November 10, 2011:
Felix Otto, University of Bonn
Pattern formation and Partial Differential Equations
Abstract: In three specific examples, we shall demonstrate how the theory of partial differential equations (PDEs) relates to pattern formation in nature: Spinodal decomposition and the Cahn-Hilliard equation, Rayleigh-B\'enard convection and the Boussinesq approximation, rough crystal growth and the Kuramoto-Sivashinsky equation. These examples from different applications have in common that only a few physical mechanisms, which are modeled by simple-looking evolutionary PDEs, lead to complex patterns. These mechanisms will be explained, numerical simulation shall serve as a visual experiment. Numerical simulations also reveal that generic solutions of these deterministic equations have stationary or self-similar statistics that are independent of the system size and of the details of the initial data. We show how PDE methods, i. e. a priori estimates, can be used to understand some aspects of this universal behavior. In case of the Cahn-Hilliard equation, the method makes use of its gradient flow structure and a property of the energy landscape. In case of the Boussinesq equation, a ``driven gradient flow'', the background field method is used. In case of the Kuramoto-Sivashinsky equation, that mixes conservative and dissipative dynamics, the method relies on a new result on Burgers' equation.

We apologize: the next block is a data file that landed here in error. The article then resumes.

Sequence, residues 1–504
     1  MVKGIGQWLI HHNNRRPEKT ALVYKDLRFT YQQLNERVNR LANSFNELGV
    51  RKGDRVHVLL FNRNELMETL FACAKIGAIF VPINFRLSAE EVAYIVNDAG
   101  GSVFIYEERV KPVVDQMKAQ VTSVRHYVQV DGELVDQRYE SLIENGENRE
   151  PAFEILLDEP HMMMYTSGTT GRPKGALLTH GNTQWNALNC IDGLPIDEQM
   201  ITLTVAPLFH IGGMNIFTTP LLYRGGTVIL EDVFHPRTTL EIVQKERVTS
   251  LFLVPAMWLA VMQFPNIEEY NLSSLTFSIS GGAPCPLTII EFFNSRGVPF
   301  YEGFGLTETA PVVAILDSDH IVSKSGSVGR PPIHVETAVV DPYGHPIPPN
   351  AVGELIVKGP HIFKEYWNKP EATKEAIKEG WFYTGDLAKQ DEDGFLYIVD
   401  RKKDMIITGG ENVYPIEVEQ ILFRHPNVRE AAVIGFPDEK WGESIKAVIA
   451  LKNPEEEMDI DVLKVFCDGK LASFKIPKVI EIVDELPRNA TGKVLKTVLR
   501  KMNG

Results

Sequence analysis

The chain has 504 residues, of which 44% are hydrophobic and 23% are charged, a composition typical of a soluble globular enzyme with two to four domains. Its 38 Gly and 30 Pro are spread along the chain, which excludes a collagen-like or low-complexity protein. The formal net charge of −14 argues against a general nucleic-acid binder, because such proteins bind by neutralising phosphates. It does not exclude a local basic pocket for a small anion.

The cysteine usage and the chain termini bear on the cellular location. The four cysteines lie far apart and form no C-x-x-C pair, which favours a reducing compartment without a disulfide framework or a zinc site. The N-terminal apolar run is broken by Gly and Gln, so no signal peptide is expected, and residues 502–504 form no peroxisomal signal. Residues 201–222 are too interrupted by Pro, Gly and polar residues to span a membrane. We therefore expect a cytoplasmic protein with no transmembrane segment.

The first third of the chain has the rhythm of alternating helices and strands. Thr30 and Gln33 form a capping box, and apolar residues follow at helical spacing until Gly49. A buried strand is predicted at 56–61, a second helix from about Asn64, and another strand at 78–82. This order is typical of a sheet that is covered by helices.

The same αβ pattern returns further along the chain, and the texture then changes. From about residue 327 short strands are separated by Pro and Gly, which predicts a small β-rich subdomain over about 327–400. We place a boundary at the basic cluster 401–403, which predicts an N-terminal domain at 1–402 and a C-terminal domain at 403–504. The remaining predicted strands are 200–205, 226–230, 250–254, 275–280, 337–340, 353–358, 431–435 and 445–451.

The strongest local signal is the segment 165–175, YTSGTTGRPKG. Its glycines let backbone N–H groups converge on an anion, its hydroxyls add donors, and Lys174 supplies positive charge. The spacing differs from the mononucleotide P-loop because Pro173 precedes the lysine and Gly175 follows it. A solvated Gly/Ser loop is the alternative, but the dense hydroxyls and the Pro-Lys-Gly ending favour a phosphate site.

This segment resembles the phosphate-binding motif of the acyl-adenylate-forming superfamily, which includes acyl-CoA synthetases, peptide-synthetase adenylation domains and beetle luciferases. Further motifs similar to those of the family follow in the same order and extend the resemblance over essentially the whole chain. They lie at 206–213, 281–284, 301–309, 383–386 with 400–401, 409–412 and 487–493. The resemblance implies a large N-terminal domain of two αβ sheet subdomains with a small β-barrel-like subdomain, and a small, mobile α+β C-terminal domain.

January 5, 2012
Marsha Berger, Courant Institute of Mathematical Sciences
Cell-cut methods for flows in complicated geometry
The Cartesian grid embedded boundary approach has attracted much interest in the last decade due to the ease of grid generation for complicated geometries. This approach uses rectangular Cartesian meshes over most of the domain, with irregular, or cut cells at the where the mesh intersects a solid body. It is in routine use in design projects at NASA Ames to automate the solution of steady inviscid compressible flow. Extending the method however to compute time-dependent flow or viscous flow is much more complicated. In this talk we first briefly describe our approach to embedded boundary computations, and illustrate what distinguishes it from level set or other immersed boundary approaches. We present examples showing the current state for computing steady invsicid flow at NASA Ames. The second half of the talk will concentrate on the algorithmic issues that arise when trying to extend the method to compute time-dependent and viscous flows. We present our preliminary work in two space dimensions illustrating a simpli- fied but second-order accurate approach to solving the so-called small-cell problem faced by explicit difference schemes. We also show our recent work in computing high Reynolds number flow without using the anisotropic re- finement which is possible with a body-fitted grid.